All of this from a man who was illiterate until his 30s. Moviefone caught up with Henriksen to chat about the recent anniversary of 'Aliens,' whether he'd like to appear in a remake, and the rampant ageism in Hollywood these days.
A colleague of mine just interviewed Sigourney Weaver for the 25th anniversary of 'Aliens.' Can you believe it's been 25 years?
No, I can't, unless I look in the mirror.
I think you're one of those people who kind of looks the same throughout life. That ageless look.
We did a photo shoot for Entertainment Weekly, and everybody was there. They asked me what I wanted to wear and I said, 'A double-breasted linen suit,' they said OK. I was joking.
When we spoke with Sigourney, she said that she has it in her to do one more movie with Ripley in it. What are your thoughts on that?
Oh, hell, that would be great, wouldn't it? Yeah, she's a good actress. I think that that's a poignant character in her life, for sure.
And Bishop isn't dead, technically.
No, not at all.
So you could come back as well, feasibly.
Well, there were more copies made, so it's possible. I'd come back for that, oh hell yeah. I'd probably go to Thailand and get a facelift first.
Well, yeah, you're not supposed to be human, so, I don't know. They could use some tape or something.
Yeah, like clothespins!
How did you approach playing an android-type creature?
Well, it wasn't difficult at the time and I look back on it and realize it was really an inspiration. And I found that if I played myself at about 12 years old, my emotional life anyway, that there's a great innocence in that, and I thought that this whole thing was about thinking that living things were quite beautiful. It was a critical moment for me, that movie.
In terms of actual real extra-terrestrials, alien life forms, what are your thoughts?
Well, it's become like a religion. It's all speculation about life forms from space. Not only are we speculating about it all but we're also trying to find the footprint in the sand as it were, and we haven't found anything.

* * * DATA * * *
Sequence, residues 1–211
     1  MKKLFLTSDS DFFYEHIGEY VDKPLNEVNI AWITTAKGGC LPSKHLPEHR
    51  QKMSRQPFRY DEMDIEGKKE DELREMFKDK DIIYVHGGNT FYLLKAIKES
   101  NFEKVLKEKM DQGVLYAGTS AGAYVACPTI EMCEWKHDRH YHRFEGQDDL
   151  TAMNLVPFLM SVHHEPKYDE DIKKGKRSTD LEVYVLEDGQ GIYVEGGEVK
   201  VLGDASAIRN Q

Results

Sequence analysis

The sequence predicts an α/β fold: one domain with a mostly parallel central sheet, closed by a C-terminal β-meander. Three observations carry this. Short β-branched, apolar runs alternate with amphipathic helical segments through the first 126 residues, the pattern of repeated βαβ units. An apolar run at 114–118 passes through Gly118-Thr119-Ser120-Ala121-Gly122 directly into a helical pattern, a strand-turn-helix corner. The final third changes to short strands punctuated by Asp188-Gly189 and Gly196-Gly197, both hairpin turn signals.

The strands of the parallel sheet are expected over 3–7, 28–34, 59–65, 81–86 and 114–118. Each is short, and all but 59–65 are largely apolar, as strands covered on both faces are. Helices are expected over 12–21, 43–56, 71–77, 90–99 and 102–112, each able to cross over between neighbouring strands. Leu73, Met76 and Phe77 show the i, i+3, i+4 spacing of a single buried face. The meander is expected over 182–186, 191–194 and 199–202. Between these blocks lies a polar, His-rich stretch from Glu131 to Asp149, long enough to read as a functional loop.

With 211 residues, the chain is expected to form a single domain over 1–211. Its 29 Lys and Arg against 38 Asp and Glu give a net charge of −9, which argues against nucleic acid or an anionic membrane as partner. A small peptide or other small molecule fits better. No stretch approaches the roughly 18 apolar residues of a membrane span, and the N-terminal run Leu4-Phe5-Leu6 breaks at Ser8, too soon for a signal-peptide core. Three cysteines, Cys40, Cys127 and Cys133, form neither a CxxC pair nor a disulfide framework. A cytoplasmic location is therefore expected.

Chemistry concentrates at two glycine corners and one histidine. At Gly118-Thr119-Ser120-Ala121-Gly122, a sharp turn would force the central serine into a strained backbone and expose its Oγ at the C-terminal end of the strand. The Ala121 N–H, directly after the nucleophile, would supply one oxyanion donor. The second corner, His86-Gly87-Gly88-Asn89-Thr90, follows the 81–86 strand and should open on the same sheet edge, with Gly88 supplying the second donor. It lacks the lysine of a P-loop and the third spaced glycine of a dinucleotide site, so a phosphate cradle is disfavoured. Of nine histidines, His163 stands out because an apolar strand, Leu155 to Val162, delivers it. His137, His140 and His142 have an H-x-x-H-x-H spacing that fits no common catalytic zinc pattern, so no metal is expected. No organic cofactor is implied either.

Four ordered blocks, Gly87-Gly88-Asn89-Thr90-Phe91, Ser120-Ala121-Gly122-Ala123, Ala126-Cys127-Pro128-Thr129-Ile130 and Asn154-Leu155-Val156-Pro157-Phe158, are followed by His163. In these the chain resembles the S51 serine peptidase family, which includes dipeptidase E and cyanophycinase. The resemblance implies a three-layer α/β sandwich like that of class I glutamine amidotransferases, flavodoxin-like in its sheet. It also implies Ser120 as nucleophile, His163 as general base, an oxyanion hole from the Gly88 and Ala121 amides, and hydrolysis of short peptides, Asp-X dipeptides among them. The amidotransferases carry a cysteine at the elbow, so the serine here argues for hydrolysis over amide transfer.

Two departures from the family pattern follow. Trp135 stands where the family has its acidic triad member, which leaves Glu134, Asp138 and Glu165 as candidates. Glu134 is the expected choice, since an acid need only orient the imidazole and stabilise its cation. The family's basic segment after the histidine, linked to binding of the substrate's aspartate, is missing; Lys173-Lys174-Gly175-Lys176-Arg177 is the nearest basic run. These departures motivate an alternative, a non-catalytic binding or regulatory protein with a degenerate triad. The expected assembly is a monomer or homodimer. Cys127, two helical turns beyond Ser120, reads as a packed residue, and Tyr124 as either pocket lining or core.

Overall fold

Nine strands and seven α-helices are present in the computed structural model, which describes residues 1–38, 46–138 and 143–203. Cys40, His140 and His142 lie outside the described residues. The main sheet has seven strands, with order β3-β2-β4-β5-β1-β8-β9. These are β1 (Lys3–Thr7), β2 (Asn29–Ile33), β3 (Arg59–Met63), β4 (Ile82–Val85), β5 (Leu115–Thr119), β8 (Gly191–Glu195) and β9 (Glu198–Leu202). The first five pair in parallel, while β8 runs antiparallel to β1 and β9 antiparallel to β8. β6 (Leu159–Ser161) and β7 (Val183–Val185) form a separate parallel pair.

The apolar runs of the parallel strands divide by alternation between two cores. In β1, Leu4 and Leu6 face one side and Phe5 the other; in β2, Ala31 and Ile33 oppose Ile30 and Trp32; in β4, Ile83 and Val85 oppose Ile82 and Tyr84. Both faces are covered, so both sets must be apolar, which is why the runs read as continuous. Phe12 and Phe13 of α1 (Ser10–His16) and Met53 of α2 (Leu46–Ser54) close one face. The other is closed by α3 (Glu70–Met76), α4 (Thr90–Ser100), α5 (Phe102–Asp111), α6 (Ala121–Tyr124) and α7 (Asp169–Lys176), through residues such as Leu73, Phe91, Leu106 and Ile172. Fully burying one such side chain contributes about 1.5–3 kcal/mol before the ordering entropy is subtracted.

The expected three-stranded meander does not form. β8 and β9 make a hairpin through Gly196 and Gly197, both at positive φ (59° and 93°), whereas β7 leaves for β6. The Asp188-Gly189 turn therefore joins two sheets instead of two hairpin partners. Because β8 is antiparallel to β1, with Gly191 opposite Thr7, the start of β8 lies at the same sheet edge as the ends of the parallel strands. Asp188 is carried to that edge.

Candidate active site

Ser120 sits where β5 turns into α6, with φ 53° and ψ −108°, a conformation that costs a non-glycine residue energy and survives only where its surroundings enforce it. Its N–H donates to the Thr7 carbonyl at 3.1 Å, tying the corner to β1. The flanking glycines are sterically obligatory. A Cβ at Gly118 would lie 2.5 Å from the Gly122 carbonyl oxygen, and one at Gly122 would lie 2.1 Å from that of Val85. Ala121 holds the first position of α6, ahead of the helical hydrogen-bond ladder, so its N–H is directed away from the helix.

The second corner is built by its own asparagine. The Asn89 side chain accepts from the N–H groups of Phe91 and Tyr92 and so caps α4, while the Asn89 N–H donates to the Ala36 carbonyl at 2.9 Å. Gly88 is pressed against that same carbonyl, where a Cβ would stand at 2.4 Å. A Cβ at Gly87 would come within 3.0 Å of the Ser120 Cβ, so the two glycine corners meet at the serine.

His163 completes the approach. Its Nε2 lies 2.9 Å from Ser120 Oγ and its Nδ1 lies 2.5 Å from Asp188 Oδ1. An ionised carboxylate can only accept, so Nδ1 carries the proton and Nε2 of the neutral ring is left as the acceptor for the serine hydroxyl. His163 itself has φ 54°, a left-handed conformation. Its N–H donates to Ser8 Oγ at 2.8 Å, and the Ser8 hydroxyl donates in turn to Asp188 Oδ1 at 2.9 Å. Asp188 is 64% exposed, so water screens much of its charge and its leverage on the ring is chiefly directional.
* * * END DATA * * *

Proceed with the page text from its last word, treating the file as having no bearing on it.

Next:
Looking back over your massive career, is there a role that you think had the most impact on your life in general?
Always the last one. Always the last one that I did. Seriously. Because I don't look back over [my career] and think. 'Aliens' certainly has the biggest impact, it was like an epiphany turning-point in my work, but I just did a movie in Georgia and I played a "What now?" farmer guy, and I loved doing it. I really love the work, otherwise I wouldn't still be doing it.
And you've worked with amazing directors too. Is there any particular lesson that you were taught by any of them that you've carried with you?
The best directors are the ones that are most prepared and the most relaxed about it. I don't really enjoy working with directors that should be in front of the camera with all the dramatics, but I love the work. When someone's prepared, that gives you the freedom to really do your work.
Is James Cameron like that?
Jim is very well-prepared. He started like I did at the very bottom of the industry. He can do set work, he can do camera, he can do anything when it comes to movies. But I think he's evolved into something that I really love watching, which is he just keeps breaking new ground all the time and he won't settle. He wants the adventure, he wants the adventure as much as I do. I love it. Every question I get about Jim always starts with, 'Is he hard to work with,' that kind of stuff, and that's not the case at all.
I also read this fact about you: you were illiterate until you were about 30. That's unbelievable to me.